In any case, al Jazeera may be the most pressing and challenging issue for Qatari leadership. Using their state- owned television station to poke at their neighboring countries in ways that their neighbor’s leadership finds highly irritating, if not threatening, is challenging indeed. For a television station that holds as its motto, “Giving voice to the voiceless,” supported by a country that is less fearful of the changes happening throughout the Arab world, it may be too willing to voice opinions that other neighboring countries simply do not want supported. For instance, when the Arab Spring of 2011 sent shock waves throughout the region, giving millions of Arabs hopes for regime change and democratic governance, al Jazeera was giving these events full coverage.
While the blockading countries of Saudi Arabia, the U.A.E., Bahrain sought to erect a seawall barricading their regimes from the popular wave of change emanating from the Arab Spring, the Qatari government stood more patient; it was more content to wait for events to progress naturally, and towards more democratic forms of governance, as pointed out by Qatari government officials, while not fearing for their own regime’s downfall. Moreover, through the Arab Spring, and even before it, Qatar has supported and allowed for al Jazeera, the state-funded broadcaster in Doha, which officials claim to be quasi-independent, to criticize the records and policies of neighboring states on human rights and other issues, infuriating and causing them to fear a popular backlash.
The government of Qatar confident in its own popular support was not opposed to the groundswell of popular demand for regime change when it resulted in Egypt’s Mubarak and Tunisia’s Abidine Ben Ali being ousted, and democratic elections held to allow the people to choose their own leaders. The political win by the Muslim Brotherhood in Egypt caused concern among those who feared that the Brotherhood’s Islamists aspirations could lead to a dismantling of the very democratic processes that had brought them to power, but Qatar did not share that worry.
While other nations stood back watching to see what would happen, Qatar stood by the Muslim Brotherhood, allowing them access to the media via the Qatari network of al Jazeera and by giving them large tranches of financial support to help them continue to govern. Yet, in Egypt, the political elites and the military conspired against the Muslim Brotherhood, resulting in the 2013 military coup that ousted and labeled their group as terrorists, with a non-elected government coming to power, at least temporarily. Al Jazeera was kicked out of the country. Its journalists were arrested. Qatar ended up taking Muslim Brotherhood exiles into their nation, and in many cases providing them with Qatari citizenship.
In defense of his country’s policies in regard to the Muslim Brotherhood, Qatari Ambassador Mutlaq al Qahtani, the Special Envoy for Qatar’s Foreign Minister, responded that “Qatar’s position is to respect the will of the people in regard to who rules them.” The Ambassador further noted that neither the U.S. State Department nor the United Nations have designated the Muslim Brotherhood as a terrorist group. Given Qatar’s stance on respecting the will of the people in choosing their political destiny, as well as their deep desire to see a stable Egypt progressing through the Arab Spring, Qatar gave the Muslim Brotherhood their full support following the fall of Mubarak and the rise of the Muslim Brotherhood into power through democratic elections, despite angering its neighbors for such actions, the Ambassador noted. He also pointed out that “Washington works with the Taliban, which is recognized by the U.N. Security Council as a terrorist group” whereas Hamas and the Muslim Brotherhood are not designated, so we don’t have issues; yet we get accused.”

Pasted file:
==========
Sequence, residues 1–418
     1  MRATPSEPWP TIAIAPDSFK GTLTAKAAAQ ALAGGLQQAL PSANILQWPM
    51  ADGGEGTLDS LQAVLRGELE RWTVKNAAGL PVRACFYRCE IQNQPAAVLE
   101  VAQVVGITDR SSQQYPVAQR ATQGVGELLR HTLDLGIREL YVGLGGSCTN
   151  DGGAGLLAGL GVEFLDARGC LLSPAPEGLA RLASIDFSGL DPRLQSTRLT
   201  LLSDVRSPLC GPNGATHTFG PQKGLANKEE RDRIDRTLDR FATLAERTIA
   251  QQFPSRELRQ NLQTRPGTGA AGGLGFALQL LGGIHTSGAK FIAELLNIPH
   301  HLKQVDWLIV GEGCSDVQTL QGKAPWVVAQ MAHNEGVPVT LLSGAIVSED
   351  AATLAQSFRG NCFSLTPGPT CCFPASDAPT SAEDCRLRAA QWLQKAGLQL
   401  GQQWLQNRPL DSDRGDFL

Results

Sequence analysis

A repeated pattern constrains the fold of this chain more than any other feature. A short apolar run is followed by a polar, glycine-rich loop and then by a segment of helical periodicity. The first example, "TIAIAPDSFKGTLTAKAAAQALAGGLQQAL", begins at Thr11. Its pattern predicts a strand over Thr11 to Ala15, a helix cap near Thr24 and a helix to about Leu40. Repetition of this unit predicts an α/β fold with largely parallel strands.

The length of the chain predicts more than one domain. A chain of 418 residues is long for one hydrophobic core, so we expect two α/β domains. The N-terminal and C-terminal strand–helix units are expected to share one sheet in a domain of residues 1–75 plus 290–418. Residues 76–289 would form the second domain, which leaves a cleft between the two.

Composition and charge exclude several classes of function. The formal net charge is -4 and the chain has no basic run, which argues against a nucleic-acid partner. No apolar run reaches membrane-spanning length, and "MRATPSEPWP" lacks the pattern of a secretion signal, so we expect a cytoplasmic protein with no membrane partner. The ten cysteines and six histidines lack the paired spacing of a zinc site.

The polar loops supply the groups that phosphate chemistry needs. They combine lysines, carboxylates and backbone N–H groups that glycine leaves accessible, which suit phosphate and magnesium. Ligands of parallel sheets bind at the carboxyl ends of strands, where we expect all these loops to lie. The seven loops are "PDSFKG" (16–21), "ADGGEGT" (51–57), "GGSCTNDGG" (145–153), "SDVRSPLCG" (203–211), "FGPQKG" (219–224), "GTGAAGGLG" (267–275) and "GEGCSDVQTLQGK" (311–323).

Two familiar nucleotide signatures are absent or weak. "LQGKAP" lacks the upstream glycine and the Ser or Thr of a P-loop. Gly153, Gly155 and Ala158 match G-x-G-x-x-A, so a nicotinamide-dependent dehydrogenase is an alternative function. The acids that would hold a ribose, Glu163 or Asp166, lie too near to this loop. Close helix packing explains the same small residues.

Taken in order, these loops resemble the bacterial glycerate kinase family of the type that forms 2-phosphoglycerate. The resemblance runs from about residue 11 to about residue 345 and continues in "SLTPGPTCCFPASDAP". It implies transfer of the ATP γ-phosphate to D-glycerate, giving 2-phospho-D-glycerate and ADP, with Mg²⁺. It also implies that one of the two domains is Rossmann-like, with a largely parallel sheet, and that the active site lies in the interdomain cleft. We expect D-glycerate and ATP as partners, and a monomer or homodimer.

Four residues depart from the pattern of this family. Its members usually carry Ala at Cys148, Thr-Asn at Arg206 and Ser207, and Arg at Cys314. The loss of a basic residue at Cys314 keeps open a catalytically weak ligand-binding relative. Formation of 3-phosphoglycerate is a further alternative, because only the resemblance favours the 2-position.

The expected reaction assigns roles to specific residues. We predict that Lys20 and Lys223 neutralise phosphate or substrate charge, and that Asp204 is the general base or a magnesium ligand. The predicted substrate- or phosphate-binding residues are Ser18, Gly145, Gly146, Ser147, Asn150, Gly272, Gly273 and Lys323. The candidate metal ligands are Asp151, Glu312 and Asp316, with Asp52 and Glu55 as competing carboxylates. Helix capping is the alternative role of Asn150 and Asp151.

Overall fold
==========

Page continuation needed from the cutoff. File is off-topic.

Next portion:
The United Arab Emirates has a particular quarrel with Qatar over the Muslim Brotherhood, as its members were accused of trying to overthrow the Emirati government. The wife of an Emirati opposition leader seeking asylum in Doha served as the crucial nerve-point leading to the quarrel and aggressive attacks against one another in the media, and even served as one of the primary reasons for the blockade, according to the Minister of Foreign Affairs, Mohammed bin Abdulrahman bin Jassim al Thani. Her case has caused a quarrel between the two countries over the demand by the U.A.E. to extradite her and Qatar’s refusal to do so.
Citing both legal and Islamic traditions, Qatari officials commented that she was there on political asylum and not guilty of any crimes, and as a woman, Qatari officials would not be willing to turn her over against her will to a country that might imprison or otherwise harm her. When ICSVE director was in the U.A.E. this past month, Emirati government officials cited Qatar as harboring Muslim Brotherhood members from other countries, and even providing them with passports to enable their travel abroad. While some view such actions as highly irritating, including Egypt and the U.A.E., among others, Qatari officials adamantly deny such actions as constituting support for known terrorists or terrorist groups. In fact, officials cite the 2012 legitimate and overwhelming victories of Islamist parties, including the Muslim Brotherhood, in post-Mubarak parliamentary elections.